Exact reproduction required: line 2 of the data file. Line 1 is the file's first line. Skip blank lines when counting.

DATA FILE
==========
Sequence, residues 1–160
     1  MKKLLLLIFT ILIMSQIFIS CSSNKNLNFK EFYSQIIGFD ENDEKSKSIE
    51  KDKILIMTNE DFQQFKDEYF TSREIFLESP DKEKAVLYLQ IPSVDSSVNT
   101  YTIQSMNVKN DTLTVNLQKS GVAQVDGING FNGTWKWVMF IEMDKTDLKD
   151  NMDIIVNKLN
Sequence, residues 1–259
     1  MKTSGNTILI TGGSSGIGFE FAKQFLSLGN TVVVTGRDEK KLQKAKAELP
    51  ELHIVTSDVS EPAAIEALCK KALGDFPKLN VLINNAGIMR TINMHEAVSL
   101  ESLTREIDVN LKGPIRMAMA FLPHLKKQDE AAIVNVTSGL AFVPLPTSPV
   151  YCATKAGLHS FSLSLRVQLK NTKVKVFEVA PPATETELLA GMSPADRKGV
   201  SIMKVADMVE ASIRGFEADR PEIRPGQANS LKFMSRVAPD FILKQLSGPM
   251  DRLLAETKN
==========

     1  MKKLLLLIFT ILIMSQIFIS CSSNKNLNFK EFYSQIIGFD ENDEKSKSIE